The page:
Android in medical devices, it’s a rather novel idea. While not exactly brand new, it’s definitely an emerging frontier for the platform. The idea of a smartphone operating system being responsible for medical tasks might seem a little frightening, but it actually makes a lot of sense. Android, after all, is a general computing platform based on Linux (which is based on Unix). Its most popular application is in mobile devices, and one of the largest shifts in medical technology is toward mobility. Basing that mobility in a solid, proven, and open source operating system therefore makes logical sense.
Even beyond mobility, Android has a lot to offer the medical space – an industry which has lagged absurdly in technical progression. By leveraging embedded Android in medical devices, we can usher in a new era of highly-connected and modern medical equipment.
Traditional medical equipment has been an island up until now. It performs a set of functions, reports the results to the user, and its communication and capabilities end there. Many are built using obscure or proprietary embedded systems which mask the inner workings of the device, even from outfits like the FDA which is becoming increasingly more active in mobile medical software regulation. While some data interoperability exists in these devices, they commonly use the antiquated HL7 protocol to communicate.
Android, on the other hand, is a complete computing system capable of doing everything a desktop can do but in a wide variety of mobile devices. Most medical devices are in fact mobile. They may be large but they’re almost always on wheels and designed to be moved about the hospital. Although executed rather poorly, touch screens in modern medical devices are becoming increasingly common, something the Android UI was specifically designed for. Lets take a look at some additional advantages of embedded Android in medical devices.
So what advantages does Android have over other embedded systems? When it comes to medical devices, there are quite a few:
Unix, or in Android’s case Linux, is the foundation of just about every operating system out there, and with good reason. It’s the most mature, flexible, and stable core to build a multitasking, multi-user OS on top of. This maturity and familiarity should provide peace of mind when developing patient critical medical software. The open-source licensing helps to keep costs down as well.
Android applications are developed using the Java programming language, one of the most popular programming languages in existence. With that popularity comes an active development community and a large pool of skilled developers to build medical systems. The development tools for Java are also mature and popular, aiding in the speed of development, debugging, testing, and quality of the software.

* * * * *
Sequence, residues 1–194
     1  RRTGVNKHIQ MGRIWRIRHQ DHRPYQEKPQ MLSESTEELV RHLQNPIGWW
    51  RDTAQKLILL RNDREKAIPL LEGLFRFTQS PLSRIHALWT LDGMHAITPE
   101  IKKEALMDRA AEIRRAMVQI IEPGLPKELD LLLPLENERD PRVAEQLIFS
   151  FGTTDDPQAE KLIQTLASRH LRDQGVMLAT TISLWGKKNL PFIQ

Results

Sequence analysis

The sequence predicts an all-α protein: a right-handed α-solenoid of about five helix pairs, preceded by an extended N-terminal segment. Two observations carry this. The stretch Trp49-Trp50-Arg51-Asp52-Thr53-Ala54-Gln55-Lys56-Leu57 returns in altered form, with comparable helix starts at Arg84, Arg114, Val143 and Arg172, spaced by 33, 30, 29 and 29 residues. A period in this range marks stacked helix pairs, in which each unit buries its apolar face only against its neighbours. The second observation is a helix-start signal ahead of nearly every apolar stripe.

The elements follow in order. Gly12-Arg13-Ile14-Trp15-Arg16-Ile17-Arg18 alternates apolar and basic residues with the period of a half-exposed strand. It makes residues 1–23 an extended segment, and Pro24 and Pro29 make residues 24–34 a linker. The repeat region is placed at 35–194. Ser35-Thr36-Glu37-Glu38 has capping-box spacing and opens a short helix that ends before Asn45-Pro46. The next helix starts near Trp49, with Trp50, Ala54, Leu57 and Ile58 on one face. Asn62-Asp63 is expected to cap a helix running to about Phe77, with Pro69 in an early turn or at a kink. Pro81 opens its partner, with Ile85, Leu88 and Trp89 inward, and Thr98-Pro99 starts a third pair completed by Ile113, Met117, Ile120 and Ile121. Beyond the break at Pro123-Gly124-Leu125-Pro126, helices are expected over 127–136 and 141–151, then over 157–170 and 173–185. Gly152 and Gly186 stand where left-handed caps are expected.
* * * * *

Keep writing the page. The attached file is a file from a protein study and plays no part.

The ubiquity of Android on mobile platforms means that hardware manufacturers support the system more widely. Companies building medical hardware can focus on their product’s physical capabilities and worry less about the software that will be embedded into it.
Android has always been focused on device communication and networking. It’s got vast and complete libraries for a variety of wired and wireless communication protocols. It supports and has drivers for a large amount of radio devices/chips from the most common manufacturers. The networking capabilities coupled with the Android middleware and Java tools open up exciting new possibilities for data exchange and interoperability. Where medical devices have suffered in the past due to the lack of a standard communication protocol outside of HL7, Android based medical devices can take advantage of everything modern software has to offer such as the simple and flexible exchange of data via API’s.
HL7 has provided a much needed service to the industry – a basic method of exchanging information and sending messages between different systems – but it’s far from anything like an API. There are simple operations available for atomic transactions like sending an image or document, but where patient records are concerned it falls flat. With HL7, messages and actions typically come from an EMR in the form of an uninterrupted message stream (a firehose of data). If one of those messages is missed due to a network issue or a processing error, vital data may be lost and incorrect care may be provided. The opportunity for medical error therefore rises dramatically, especially when the missed message is medication related. The receiving system is also left to manage that patient data in its own way rather than fully leverage the EMR for the purpose, effectively duplicating the data.